Retailers know that online sales are a reality and they have to offer it to consumers, but they didn’t know what form it would take.
The answer is starting to clear up a bit.
“In the last 60-90 days, there’s been some acknowledgement that there will be more automation that will be part of a store,” said retail analyst Bill Bishop, chief architect and co-founder of Brick Meets Click.
Retailers such as Walmart BB #:143789, Hy-Vee BB #:101759 and Ahold BB #:138251 have become more open about their investments in automated areas of stores and even stores or warehouses that are closed to customers. Some are calling these “dark stores.”
Bishop said he’s been in automated stores of those three chains, and it’s a trend he thinks many U.S. chains will adopt as online order volume continues to rise.
As retailers find ways to fulfill online orders, they’re running into problems of order-fillers disrupting traditional in-store customers.
A Wall Street Journal story told of Amazon-owned Whole Foods’ struggle with gig-economy shoppers bothering the traditional Whole Foods shoppers, one of which in the Boston-area was angry for having “waited 15 minutes for vegetarian ‘chopped liver’ at a Whole Foods deli counter.”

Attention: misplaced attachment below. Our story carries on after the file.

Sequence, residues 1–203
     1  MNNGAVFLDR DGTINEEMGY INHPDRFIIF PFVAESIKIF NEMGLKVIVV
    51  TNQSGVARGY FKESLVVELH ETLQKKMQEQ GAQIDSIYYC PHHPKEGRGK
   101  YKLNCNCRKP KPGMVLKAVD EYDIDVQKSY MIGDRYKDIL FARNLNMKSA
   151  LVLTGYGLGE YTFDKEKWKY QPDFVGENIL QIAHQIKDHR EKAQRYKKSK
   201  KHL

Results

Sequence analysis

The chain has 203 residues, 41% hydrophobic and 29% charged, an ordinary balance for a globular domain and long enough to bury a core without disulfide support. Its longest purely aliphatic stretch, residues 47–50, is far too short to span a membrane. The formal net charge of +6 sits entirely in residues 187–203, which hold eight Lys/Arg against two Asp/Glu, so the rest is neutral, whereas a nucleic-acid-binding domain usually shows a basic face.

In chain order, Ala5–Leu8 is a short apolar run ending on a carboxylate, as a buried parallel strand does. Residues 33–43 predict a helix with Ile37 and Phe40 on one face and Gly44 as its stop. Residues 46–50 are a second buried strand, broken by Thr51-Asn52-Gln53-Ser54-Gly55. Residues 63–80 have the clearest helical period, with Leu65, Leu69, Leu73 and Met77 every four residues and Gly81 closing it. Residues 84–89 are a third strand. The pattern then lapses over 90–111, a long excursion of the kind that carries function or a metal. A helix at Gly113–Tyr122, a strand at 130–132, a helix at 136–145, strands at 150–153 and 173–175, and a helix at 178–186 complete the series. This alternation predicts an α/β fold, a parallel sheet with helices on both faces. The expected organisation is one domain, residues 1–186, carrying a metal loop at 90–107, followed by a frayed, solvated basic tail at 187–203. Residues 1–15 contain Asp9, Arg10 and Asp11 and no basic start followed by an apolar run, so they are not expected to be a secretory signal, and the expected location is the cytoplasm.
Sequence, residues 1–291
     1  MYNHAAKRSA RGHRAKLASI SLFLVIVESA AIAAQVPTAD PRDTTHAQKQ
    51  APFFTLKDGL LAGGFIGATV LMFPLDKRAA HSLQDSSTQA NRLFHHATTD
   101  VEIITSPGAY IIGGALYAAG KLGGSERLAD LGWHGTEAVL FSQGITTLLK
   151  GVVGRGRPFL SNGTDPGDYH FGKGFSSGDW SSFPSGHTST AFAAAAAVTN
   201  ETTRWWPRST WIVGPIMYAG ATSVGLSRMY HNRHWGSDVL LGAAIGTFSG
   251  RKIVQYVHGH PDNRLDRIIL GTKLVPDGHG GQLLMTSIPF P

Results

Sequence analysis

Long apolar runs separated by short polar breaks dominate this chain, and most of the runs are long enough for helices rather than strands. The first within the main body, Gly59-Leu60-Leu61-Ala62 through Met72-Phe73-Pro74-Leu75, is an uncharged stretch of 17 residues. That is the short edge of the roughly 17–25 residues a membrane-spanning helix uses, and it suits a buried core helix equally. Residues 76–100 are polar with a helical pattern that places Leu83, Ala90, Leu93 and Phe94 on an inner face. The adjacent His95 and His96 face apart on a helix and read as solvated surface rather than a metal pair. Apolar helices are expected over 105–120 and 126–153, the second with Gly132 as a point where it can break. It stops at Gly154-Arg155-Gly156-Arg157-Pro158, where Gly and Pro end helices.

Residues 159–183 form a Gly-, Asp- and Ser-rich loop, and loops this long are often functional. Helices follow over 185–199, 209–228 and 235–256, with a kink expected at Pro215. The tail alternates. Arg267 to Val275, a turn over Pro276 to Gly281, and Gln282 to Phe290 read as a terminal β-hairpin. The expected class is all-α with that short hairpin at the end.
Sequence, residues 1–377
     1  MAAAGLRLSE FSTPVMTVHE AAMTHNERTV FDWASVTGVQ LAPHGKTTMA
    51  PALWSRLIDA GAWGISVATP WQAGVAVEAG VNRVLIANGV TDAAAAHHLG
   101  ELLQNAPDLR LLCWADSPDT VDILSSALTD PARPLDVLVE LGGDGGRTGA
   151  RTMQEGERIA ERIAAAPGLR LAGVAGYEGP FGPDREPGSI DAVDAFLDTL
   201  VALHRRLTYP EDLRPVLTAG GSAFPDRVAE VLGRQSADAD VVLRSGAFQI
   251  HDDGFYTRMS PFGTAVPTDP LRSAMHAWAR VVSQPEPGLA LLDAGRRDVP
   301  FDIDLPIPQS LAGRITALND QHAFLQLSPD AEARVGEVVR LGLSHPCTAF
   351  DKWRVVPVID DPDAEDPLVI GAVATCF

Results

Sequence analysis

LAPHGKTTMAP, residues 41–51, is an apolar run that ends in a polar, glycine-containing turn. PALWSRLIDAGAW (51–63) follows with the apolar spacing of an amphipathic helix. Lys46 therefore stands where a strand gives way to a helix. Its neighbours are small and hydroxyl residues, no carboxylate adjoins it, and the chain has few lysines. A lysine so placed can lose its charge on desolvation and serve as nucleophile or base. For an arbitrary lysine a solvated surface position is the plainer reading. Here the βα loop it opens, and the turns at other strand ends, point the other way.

It’s tempting to laugh at the pretentious shoppers getting their comeuppance, but this conflict of professional shoppers vs. own shoppers is a serious issue hitting many chains and parts of the country.
Stores and chains know when they hit the tipping point.
“When a store gets to 10 percent online sales, it becomes untenable,” Bishop said of the conflict. “Professional shoppers are disturbing regular shoppers.”
One area that doesn’t feel the pinch as bad is the produce department.
Unlike center-store aisles, most produce departments are designed with space in mind.
“Spacing and allocation is much better there than other departments,” Bishop said. “The produce department is almost always the department that has the most visits” and that’s no different with online orders.
For retail chains investing in dark stores or micro-fulfillment centers in existing stores, Bishop said automation can handle some of the center-store orders, but employees will still have to handle most perishable orders, especially fresh produce.
Retail chains will have to earn the trust of consumers that they will pick and pack fresh fruits and vegetables to consumers’ satisfaction, something the gig economy pickers don’t always do well.
Walmart even poked at gig economy rivals in a recent ad campaign that brags about its employees’ skills at picking groceries for online orders.
Retailers have traditionally been slow to change direction, but the digital economy is showing them that they can be nimbler than they imagined.